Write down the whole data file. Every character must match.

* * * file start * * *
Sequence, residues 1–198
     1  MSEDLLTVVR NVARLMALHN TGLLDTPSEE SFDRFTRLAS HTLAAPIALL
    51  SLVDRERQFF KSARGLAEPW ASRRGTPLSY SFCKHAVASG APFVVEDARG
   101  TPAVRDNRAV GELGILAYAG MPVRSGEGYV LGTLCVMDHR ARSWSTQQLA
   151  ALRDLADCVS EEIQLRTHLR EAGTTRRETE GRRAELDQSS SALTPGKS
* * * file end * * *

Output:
Sequence, residues 1–198
     1  MSEDLLTVVR NVARLMALHN TGLLDTPSEE SFDRFTRLAS HTLAAPIALL
    51  SLVDRERQFF KSARGLAEPW ASRRGTPLSY SFCKHAVASG APFVVEDARG
   101  TPAVRDNRAV GELGILAYAG MPVRSGEGYV LGTLCVMDHR ARSWSTQQLA
   151  ALRDLADCVS EEIQLRTHLR EAGTTRRETE GRRAELDQSS SALTPGKS